I turned 35 last week. This unwanted birthday coincided with a periodontal abscess, a round of tortuous self-interrogation about my lack of (ahem) job or even employment prospects, and inevitably pressing questions about when I was going to start a family. From my mother.
Mostly for me, my birthday brought home a pretty unfortunate biological truth of another kind – that one about peak fitness only lasting so long. Over the last few years, injuries and niggles have become more frequent, breaking up my training more and more. I get sick more often. I recover more slowly. I’m still exhilarated every time I jump on my bike, and I will always ride, but being able to scrape through an elite race? Well, those days are numbered.
I’ve always been, and still am, a very fortunate cyclist. I’ve had crashes and illnesses and injuries, sure, but none of them has ever been bad enough to keep me off the bike for long, or to make me alter my training or nutrition or routine. Until now. My birthday coincided with a long period off the bike – an illness and an injury (plus a wedding – my wedding) one after the other, and it’s all added up to most of December and January away from training or resting completely – right when I’ve been really galvanised and optimistic in my ability to reach some new goals, and right after I’d already had a three-week break to refresh at the end of 2015. I’ve learnt most of my important life lessons on the bike. This latest course has been in patience.
Time off hasn’t been ideal, but it has taught be that when I can’t train, I can still cope. My body doesn’t turn to mush overnight (in two months it didn’t noticeably change at all). I don’t lose my drive or my eccentric enthusiasm for training or competing, and I won’t necessarily lose all that much fitness. In a broader sense, I’ve learnt to be just a little more patient in other facets of my life – to chill out when things don’t go to plan. To worry less about ‘wasting time’ (like in line at the bank), to be more tolerant of setbacks – or at least to realise that any setback that isn’t major – is minor.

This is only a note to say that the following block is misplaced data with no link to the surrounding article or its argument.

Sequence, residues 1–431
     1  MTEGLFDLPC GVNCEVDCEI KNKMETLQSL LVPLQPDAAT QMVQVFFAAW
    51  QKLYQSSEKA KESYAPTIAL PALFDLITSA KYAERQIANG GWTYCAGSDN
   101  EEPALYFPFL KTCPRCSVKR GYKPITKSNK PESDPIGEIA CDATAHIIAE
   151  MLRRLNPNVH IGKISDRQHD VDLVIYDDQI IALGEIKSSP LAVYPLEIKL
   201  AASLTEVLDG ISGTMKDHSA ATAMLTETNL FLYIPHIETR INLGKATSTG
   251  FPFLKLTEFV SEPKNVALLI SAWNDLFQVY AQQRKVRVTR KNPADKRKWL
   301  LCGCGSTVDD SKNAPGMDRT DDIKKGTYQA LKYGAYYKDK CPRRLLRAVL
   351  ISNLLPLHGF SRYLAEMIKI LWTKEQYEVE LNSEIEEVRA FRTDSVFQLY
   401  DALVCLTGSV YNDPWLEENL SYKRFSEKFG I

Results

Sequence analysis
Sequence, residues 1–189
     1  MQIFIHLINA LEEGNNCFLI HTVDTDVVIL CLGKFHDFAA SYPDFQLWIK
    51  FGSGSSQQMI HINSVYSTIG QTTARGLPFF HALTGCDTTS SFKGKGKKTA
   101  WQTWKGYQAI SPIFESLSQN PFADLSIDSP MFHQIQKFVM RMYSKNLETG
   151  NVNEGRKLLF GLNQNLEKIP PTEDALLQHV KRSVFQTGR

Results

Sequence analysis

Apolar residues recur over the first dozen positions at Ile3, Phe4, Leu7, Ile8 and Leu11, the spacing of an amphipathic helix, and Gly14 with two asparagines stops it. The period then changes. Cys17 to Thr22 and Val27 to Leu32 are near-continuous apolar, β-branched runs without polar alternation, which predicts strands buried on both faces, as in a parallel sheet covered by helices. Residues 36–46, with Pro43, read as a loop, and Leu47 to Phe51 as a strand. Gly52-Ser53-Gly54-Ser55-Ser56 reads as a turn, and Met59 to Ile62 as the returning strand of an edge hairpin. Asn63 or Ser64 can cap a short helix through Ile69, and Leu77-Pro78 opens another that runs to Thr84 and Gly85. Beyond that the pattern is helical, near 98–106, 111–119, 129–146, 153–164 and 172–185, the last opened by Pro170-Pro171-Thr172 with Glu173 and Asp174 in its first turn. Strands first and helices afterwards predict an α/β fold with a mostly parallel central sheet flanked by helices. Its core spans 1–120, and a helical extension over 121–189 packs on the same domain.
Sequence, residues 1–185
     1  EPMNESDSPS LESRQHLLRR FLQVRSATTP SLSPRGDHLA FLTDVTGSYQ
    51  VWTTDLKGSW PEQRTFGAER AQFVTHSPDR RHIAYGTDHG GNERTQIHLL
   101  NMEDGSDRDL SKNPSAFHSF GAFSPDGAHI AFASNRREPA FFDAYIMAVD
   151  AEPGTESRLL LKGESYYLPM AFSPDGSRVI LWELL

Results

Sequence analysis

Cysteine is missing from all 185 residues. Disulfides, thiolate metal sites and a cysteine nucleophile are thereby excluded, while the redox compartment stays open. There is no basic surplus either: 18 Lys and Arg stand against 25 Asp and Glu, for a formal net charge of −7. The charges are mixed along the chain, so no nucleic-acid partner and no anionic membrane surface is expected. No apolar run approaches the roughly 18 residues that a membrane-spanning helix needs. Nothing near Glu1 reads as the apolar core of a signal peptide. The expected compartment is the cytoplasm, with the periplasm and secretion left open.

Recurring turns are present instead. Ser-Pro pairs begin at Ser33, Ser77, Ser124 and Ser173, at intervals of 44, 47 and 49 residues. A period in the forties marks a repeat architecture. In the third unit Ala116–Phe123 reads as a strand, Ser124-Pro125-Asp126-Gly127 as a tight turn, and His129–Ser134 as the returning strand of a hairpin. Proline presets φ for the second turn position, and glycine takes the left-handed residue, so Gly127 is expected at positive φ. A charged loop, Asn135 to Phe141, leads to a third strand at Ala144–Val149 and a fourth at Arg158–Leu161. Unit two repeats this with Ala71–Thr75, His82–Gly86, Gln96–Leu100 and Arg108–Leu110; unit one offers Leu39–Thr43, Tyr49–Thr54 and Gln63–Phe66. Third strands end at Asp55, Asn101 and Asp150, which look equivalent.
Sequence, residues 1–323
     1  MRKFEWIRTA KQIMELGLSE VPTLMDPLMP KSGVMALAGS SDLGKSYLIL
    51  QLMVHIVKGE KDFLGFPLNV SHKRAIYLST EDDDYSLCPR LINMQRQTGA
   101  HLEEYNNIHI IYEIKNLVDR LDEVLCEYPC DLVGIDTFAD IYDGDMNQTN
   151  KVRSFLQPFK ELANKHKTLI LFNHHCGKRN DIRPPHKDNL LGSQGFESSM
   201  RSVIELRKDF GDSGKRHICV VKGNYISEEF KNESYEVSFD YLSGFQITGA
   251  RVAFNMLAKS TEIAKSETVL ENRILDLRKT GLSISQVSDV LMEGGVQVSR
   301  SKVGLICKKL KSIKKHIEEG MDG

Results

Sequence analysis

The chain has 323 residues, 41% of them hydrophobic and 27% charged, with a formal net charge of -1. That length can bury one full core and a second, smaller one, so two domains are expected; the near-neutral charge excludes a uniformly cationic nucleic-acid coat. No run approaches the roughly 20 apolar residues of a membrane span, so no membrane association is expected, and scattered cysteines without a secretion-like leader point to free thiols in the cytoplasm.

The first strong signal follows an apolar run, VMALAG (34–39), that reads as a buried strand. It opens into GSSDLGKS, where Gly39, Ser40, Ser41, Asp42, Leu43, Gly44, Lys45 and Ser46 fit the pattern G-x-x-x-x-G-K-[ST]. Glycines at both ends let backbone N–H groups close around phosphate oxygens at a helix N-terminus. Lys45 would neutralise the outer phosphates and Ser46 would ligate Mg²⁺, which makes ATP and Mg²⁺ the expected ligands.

I’m annoyed that getting sick and injured might mean that the big goals I’d set myself for the first half of the year are a bit far-fetched, but I’m so glad to be back riding that they’re secondary to the pleasure of being healthy and fit. I’m sorry that I missed out on racing The Pioneer stage race in New Zealand with Mike, but I got some other great things done while I stayed home, obsessively performing physio exercises and hanging out with some great roadie friends.
If you want to read a bit more about patience, here are a few blogs I’ve read recently from other women in various cycling disciplines dealing with much bigger struggles and long-term recoveries:
Ride Like a Girl interview with Felicity Wardlaw on recovering from surgery to repair thickening in her common iliac artery.
Or a story from Velonews about MTB and CXer Georgia Gould’s struggles with fatigue and doubts.
Something most of these women have in common is that they’re edging into their mid-to-late-thirties, just like I am. It’s a pretty galvanising time for any elite athlete, but particularly, I think, for many women (and their mothers), for obvious biological reasons… So while I am writing about the virtues of patience, the message of this blog is actually the opposite: Don’t be too patient – don’t let patience dip into complacency. So many opportunities came up for me when I was in my early, mid- and late-twenties – opportunities I was too immature, or insecure, or just plain naïve to take. Opportunities I didn’t take because I thought they’d come up again. It is highly unlikely they will come up again. Something I don’t have in common with these women is that they made it to the top.
Put away your tissues! I think a bit of regret is healthy and we all put way too much energy into pretending we don’t have any.
But. I don’t care how old you are, things pan out differently for all of us and we all have different goals – if there’s something on the table that you might possibly be able to do but you’re too insecure or worried or logistically-challenged to imagine it happening, say yes now. Say yes and do it, before you find yourself with a periodontal abscess and an injury or some other wonderful impediment, like a family or a job.